Colombia rebels say mood in peace talks "couldn't be better"

by Reuters
Sunday, 4 May 2014 16:43 GMT

Soldiers stand guard as a woman walks past during a congressional election in Toribio in Cauca province March 9, 2014. REUTERS/Jaime Saldarriaga

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The government and FARC rebels have advanced toward a partial accord on eradicating illegal drug crops

* Talks with government focus on eradicating drug crops

* Peace negotiations began in November 2012

* Progress in talks could help incumbent president in poll

By Nelson Acosta

HAVANA, May 4 (Reuters) - The Colombian government and leftist FARC rebels advanced toward a partial accord on eradicating illegal drug crops on Sunday as part of peace talks, with one rebel leader saying the mood "couldn't be better".

The two sides issued a joint statement saying they were in agreement on several points but stopped short of signing a deal. They pledged to renew talks on May 12.

Peace negotiators have been meeting in Havana since November 2012 in an attempt to reach a comprehensive agreement over a conflict that has killed more than 200,000 people over 50 years.

Any progress toward a peace agreement could provide a boost to center-right President Juan Manuel Santos, already the front-runner, as he seeks re-election on May 25.

"We are making significant progress. ... It's a good environment. I would say it couldn't be better," guerrilla leader Ivan Marquez told reporters. "At some point we will have news relating to this matter (illicit drugs)."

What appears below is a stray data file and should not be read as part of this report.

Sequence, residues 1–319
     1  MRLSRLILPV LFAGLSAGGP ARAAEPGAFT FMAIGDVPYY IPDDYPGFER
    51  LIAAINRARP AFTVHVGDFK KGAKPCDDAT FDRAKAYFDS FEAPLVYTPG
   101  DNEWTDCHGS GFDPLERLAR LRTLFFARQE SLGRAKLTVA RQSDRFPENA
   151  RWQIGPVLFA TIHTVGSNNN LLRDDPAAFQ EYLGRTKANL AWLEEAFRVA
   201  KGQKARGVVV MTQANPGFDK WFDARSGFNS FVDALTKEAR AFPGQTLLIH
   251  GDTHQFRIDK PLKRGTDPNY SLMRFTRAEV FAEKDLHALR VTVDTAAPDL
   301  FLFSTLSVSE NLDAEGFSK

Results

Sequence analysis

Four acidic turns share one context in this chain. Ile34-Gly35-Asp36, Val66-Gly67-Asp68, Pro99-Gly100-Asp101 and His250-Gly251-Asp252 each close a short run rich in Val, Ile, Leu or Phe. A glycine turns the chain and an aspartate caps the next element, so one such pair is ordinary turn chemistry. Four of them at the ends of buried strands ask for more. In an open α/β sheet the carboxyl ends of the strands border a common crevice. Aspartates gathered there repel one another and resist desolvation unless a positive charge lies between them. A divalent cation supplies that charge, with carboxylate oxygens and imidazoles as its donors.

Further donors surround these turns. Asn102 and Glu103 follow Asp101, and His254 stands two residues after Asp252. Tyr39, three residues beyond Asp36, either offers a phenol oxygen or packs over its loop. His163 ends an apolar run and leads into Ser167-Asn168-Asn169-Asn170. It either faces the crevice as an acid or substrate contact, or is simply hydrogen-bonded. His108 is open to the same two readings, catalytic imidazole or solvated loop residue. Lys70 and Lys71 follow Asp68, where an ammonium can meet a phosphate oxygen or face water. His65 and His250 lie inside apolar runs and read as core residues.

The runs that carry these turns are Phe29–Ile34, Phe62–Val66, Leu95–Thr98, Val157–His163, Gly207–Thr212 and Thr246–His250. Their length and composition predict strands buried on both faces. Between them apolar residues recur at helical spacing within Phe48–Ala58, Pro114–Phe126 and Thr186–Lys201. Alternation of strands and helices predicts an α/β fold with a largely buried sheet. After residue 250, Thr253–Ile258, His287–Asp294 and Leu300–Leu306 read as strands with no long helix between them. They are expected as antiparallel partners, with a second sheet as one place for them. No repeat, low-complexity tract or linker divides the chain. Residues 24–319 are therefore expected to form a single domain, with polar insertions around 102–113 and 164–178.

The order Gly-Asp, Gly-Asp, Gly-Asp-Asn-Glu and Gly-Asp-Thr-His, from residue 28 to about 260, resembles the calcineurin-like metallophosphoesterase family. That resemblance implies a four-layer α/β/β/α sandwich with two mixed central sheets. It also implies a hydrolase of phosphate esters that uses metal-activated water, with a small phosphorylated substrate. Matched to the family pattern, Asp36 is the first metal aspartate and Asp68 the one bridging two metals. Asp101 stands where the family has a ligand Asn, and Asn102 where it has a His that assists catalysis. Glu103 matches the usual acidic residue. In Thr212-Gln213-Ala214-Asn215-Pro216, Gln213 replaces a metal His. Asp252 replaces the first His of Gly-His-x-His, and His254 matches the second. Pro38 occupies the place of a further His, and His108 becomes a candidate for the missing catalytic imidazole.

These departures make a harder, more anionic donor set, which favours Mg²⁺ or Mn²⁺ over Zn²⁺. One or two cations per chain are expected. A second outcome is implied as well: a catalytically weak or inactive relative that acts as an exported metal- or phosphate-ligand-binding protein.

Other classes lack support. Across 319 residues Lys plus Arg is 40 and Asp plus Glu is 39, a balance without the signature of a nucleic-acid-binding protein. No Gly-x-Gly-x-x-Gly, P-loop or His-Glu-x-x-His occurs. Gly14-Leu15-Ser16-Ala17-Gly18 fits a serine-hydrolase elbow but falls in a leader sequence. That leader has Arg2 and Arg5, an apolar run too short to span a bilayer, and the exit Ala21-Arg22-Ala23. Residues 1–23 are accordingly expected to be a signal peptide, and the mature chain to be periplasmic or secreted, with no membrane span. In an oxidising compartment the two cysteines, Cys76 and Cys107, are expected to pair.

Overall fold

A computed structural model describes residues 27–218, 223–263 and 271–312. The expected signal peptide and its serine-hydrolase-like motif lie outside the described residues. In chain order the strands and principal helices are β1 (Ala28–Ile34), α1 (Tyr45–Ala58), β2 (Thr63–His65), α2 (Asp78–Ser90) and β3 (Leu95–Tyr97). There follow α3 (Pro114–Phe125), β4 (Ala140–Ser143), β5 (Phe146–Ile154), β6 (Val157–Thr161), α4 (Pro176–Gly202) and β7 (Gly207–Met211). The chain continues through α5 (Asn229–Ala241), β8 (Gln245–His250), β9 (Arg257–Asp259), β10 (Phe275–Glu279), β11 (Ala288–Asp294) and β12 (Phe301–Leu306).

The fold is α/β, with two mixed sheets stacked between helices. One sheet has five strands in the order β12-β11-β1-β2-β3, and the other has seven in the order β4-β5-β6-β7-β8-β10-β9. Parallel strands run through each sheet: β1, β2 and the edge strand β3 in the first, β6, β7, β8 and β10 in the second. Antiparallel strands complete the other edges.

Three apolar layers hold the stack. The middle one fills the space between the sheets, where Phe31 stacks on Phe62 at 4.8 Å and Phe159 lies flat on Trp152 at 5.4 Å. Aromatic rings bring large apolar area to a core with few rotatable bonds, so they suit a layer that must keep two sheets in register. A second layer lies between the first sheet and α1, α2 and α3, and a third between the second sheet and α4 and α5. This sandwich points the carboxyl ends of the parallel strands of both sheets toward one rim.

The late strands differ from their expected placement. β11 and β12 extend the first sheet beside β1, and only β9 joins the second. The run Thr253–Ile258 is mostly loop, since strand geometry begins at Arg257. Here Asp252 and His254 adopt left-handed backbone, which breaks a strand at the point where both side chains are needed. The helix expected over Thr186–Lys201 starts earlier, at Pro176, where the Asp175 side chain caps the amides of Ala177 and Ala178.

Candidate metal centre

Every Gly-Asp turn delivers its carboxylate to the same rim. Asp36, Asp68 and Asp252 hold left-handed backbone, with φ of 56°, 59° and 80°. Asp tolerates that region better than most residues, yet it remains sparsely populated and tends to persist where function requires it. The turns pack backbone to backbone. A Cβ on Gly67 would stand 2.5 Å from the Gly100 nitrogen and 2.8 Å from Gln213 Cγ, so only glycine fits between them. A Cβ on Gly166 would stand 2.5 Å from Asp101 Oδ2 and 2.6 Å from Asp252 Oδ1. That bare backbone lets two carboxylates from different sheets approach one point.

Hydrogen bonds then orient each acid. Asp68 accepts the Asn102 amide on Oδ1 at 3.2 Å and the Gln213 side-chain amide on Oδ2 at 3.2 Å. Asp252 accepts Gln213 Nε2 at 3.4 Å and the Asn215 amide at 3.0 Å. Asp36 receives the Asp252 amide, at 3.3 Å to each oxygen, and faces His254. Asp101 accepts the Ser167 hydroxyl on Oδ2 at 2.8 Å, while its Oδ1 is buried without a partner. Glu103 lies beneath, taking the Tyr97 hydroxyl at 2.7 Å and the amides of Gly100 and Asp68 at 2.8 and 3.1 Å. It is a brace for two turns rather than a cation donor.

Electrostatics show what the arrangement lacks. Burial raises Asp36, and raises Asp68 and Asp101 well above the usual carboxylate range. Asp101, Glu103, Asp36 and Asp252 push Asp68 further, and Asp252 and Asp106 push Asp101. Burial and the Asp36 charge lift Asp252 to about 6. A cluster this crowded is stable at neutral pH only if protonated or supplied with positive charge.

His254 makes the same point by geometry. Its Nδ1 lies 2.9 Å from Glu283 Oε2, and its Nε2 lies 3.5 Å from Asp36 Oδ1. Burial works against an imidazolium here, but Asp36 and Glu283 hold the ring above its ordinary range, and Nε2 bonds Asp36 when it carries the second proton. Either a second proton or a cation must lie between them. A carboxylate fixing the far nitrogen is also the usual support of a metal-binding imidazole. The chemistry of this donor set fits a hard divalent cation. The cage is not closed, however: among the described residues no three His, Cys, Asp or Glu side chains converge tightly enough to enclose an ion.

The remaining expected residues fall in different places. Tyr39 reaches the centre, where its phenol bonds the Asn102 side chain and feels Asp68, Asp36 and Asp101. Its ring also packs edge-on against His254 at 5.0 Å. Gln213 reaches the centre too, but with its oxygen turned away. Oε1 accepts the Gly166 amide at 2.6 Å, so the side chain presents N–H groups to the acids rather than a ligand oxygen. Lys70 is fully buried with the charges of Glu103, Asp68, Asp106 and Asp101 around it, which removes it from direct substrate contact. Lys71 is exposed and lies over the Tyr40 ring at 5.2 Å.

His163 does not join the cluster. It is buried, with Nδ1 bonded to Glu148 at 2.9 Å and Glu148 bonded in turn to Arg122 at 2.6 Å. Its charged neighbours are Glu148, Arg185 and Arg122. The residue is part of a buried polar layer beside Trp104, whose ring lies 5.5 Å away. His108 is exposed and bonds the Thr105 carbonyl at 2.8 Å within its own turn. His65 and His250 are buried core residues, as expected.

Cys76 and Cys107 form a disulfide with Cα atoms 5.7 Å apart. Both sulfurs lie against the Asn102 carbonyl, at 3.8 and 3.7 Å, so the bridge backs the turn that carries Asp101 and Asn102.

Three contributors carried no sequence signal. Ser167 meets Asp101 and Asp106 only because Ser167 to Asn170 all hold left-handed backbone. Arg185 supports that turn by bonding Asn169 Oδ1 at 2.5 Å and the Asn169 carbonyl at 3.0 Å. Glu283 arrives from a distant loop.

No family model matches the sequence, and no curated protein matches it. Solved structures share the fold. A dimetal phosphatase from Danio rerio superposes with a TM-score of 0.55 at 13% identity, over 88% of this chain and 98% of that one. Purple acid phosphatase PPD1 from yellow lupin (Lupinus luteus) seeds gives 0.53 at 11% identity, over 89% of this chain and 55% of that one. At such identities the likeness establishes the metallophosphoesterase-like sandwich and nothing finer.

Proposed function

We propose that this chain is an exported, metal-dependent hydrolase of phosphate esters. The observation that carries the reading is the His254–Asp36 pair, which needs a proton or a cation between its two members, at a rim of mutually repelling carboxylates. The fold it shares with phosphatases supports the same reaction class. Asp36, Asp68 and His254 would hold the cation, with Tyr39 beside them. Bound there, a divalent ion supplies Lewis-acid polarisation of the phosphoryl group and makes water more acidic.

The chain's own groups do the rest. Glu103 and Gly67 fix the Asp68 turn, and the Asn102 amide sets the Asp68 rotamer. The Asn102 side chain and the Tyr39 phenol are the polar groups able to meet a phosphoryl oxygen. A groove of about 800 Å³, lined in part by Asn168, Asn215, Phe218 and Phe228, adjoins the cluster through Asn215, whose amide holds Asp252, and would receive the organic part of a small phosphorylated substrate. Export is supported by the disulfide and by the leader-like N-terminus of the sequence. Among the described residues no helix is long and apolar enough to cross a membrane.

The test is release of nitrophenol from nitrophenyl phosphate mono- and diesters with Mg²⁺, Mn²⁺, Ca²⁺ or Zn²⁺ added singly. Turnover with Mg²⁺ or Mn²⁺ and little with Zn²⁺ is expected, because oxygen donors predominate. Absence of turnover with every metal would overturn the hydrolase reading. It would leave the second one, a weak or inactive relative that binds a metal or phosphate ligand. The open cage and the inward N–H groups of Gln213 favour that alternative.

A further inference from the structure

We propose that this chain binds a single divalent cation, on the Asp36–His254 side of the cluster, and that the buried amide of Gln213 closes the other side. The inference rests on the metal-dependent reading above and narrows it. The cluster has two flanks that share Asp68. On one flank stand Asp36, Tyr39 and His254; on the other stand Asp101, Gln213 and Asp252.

Government representatives declined to speak to reporters.

The two sides are working on a plan to eradicate illicit drug cultivation through crop substitution. Though Colombia imports most of the coca leaf used to produce cocaine, the South American country also grows marijuana and poppy, the raw ingredient for heroin.

But that is just one of three points on the agenda regarding drug trafficking. They will also seek a deal on prevention of drug use and a solution to the production and sale of narcotics.

The Revolutionary Armed Forces of Colombia (FARC), a Marxist-inspired armed group, has turned to drug-trafficking to finance itself.

The overall topic of narcotics is the third part of a five- point agenda the two sides have been working on for a year and a half. They have already reached accord on land use and the legal political future for the FARC should the two sides reach a comprehensive peace.

They also plan to reach agreements on compensation for war victims and the process of ending hostilities. When all five agreements are completed, they will then review the entire pact in a final round of negotiations.

Santos has bet his political legacy on ending Latin America's longest-running guerrilla war and said the FARC has little choice but to turn in its weapons.

In a Gallup poll released last week, Santos had the support of 32 percent of those surveyed versus 20.5 percent for his nearest rival, Oscar Ivan Zuluaga.

The election will go to a second round on June 15 if no candidate receives at least 50 percent of the vote. (Reporting by Nelson Acosta; Editing by Daniel Trotta and Stephen Powell)

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